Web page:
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A Reflection on Babette's Feast

In: Film and Music

Submitted By francoimps
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Babette’s Feast is about two pious aging sisters living an extreme sense of Lutheranism in a small, isolated northern village; their very simple and mundane form of living is challenged when a French civil war refugee, Babette, knocks on their doorstep with a letter from Papin, the world renowned Opera Singer, who in fact was fairly astonished and infatuated by one of the sisters during his initial visit decades ago. The father of the two sisters was a delusional preacher, who believed in the ludicrous idea that for one to attain eternal salvation, one must renounce all physical and sensual pleasure life has to offer them, something that the sisters follow with the most unwavering dedication. Who knew a Stranger from the city could change all that through a 7-course meal.

The film centralized on its most prominent image: Food. No image could better fit comparing the joyless austerity of the Lutheran sect of the sisters, Martine and Philippa to what is coming to them after the dinner celebration than the meals. Before Babette’s presence is felt, the village lived a very monotonous, dull and repetitious lifestyle. The sky is gray, the sea even grayer. The sisters sit indoors to eat their usual bowls of dried fish and dull brown mush with the most horrible excuse for bread one has ever seen. As viewers will soon find out, the food is the perfect measuring apparatus of change around the village.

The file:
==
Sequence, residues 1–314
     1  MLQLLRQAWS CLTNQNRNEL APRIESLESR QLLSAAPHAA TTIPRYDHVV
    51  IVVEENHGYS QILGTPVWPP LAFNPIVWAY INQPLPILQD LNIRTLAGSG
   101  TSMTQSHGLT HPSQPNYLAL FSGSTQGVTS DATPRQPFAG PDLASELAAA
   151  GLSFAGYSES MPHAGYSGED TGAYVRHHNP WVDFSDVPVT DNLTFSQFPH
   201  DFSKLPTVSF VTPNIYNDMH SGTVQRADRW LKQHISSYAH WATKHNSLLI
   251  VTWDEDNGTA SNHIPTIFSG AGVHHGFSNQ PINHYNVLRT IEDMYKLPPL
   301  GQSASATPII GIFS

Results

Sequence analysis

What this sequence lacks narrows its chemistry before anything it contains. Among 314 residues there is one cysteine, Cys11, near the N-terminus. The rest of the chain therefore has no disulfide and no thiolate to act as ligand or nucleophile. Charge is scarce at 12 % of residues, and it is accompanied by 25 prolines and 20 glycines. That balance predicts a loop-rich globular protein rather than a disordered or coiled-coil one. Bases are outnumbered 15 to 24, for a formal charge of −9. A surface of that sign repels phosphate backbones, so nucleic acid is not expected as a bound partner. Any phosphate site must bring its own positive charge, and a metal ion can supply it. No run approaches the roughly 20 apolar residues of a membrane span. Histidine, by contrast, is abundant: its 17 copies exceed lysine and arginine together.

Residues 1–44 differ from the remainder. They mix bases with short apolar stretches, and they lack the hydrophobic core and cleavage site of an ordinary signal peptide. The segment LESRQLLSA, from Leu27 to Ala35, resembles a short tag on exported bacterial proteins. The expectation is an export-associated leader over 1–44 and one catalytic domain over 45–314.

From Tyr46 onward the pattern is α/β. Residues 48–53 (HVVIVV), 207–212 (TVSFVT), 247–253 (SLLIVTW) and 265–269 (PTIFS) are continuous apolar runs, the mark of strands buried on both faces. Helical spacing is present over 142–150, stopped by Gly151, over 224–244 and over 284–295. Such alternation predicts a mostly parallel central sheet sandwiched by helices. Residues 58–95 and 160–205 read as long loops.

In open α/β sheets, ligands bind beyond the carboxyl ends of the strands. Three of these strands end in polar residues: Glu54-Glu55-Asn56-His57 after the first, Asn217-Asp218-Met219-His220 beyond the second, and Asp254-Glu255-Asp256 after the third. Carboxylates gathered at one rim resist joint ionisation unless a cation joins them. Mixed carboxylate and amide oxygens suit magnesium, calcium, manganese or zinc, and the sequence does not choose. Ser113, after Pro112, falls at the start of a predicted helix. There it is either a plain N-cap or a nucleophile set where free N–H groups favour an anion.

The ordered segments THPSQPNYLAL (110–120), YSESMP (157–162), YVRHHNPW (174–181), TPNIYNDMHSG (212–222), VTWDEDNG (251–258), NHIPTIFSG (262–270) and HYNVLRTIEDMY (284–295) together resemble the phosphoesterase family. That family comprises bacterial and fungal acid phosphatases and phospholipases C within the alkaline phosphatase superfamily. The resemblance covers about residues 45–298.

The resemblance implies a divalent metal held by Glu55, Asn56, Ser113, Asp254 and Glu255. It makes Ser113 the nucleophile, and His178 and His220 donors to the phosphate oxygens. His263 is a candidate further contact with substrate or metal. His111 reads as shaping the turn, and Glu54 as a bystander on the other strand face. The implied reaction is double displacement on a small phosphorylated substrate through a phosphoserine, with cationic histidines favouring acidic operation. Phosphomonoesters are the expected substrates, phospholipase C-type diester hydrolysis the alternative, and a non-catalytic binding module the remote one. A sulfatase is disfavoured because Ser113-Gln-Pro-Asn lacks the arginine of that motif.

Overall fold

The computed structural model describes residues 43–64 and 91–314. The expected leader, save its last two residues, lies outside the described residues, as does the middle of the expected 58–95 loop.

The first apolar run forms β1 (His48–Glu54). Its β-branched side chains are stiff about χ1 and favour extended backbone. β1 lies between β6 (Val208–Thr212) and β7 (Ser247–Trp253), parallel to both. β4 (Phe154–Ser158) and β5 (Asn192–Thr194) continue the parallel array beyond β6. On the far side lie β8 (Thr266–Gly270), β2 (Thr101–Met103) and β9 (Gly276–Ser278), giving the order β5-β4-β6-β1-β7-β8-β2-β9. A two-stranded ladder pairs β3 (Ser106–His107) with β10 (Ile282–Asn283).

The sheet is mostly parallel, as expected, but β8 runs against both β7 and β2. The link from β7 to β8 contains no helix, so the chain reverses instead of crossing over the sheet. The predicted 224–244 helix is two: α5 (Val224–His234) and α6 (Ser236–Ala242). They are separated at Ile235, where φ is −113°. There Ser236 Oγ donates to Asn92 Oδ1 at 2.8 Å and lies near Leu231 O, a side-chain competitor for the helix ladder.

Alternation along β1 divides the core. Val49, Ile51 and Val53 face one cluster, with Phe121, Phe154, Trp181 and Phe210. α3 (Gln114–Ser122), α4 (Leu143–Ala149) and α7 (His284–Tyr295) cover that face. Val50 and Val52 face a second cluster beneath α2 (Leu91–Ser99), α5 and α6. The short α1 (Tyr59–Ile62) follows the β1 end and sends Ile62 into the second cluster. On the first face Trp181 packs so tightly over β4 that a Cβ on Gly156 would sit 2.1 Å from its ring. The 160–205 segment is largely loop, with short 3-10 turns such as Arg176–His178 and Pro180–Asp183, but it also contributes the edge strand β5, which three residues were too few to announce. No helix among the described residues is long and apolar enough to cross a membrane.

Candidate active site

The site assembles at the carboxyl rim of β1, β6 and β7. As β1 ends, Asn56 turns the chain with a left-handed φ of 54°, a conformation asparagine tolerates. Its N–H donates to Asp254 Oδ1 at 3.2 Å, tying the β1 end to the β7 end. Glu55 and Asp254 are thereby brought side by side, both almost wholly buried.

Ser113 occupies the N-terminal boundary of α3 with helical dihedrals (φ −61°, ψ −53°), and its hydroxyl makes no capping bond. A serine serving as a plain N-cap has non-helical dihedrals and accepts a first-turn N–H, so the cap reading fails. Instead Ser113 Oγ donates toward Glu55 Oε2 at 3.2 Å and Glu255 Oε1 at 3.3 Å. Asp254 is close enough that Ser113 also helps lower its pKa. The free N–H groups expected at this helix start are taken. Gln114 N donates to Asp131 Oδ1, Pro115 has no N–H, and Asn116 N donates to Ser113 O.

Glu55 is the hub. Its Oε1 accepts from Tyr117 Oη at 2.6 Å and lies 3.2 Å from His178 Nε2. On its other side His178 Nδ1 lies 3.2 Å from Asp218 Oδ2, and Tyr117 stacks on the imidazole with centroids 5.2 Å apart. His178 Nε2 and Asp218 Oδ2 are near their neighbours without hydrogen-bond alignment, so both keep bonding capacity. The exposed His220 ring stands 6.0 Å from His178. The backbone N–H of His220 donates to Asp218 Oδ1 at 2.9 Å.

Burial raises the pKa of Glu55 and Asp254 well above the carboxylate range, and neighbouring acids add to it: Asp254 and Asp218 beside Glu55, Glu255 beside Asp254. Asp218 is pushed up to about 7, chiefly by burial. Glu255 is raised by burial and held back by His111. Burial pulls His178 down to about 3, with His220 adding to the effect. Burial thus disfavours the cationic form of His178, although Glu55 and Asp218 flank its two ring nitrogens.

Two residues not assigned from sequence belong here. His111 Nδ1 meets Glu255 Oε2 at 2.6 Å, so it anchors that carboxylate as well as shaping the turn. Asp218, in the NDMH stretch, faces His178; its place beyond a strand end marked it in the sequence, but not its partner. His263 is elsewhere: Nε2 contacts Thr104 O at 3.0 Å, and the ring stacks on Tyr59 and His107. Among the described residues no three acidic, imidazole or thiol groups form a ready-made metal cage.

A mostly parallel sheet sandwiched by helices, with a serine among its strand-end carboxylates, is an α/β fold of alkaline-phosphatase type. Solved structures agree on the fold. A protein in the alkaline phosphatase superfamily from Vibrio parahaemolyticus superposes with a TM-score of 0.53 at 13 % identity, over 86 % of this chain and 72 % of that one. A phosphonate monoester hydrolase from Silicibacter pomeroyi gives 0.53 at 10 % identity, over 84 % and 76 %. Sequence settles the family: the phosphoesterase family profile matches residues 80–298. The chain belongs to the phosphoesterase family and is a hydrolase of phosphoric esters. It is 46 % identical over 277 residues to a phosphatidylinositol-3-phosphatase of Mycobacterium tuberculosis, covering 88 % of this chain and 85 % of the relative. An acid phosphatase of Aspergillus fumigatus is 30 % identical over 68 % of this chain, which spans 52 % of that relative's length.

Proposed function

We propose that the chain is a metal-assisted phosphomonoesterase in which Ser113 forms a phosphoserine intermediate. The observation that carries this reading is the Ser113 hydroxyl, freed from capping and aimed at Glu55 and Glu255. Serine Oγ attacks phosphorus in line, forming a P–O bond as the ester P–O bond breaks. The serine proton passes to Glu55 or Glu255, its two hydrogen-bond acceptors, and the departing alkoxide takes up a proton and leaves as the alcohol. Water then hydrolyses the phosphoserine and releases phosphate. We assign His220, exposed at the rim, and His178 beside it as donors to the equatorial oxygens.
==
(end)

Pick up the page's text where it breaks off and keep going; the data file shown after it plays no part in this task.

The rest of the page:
Throughout the film, viewers see the daily fare of dried fish cut in half, hanging just outside the drying racks in the village, a constant reminder of local colorless and predictable existence. The dried fish represented the dull and archaic Lutheranism sect led by Martine and Philippa. The dryness of the fish symbolized the old, conservative and insignificant belief that paradoxically hinders their faith. The dried fishmeal usually served with mush and bread juxtaposes the grand and colorful French dinner Babette has prepared and shows the obvious transcendental occurrence after the meal.

Another significant event was the washing of the windows from the outside. In an aesthetic-seeking gesture that sets her apart from everyone else in the village, she washes the windows of the cottage of the sisters to let the light and beauty of the outside world into the dark interior. It symbolized Babette’s disposition and influence on the village, with how she saw and embraced life in contrast to the villagers. Unlike the villager’s task of breaking away from physical and sensual pleasure, Babette’s view on the matter was the exact opposite, by bringing light into the dark “interior” of the village. Babette was also purposely washing outside the house to show that she was an outsider with different ideals and beliefs. Inside the house were the two sisters, the perfect representation of the absurd belief of the village people. In this scene, she is trying to breakthrough the dirty, thick darkness that seals them from the light of the outside world in order of transformative transcendence.

During the last few minutes, the camera focused on the candlelight snuffed out in the end. It not only declared the end of the feast, but also showed Babette’s final testament as an artist. The sudden snuffing of the light showed how she was able to fulfill and satisfy her guests through the transcendence she was able to provide the community. It shows the influence she shared to cause a positive change. She was able to provide the love and light, through her art, that could change a community’s cognizance on faith.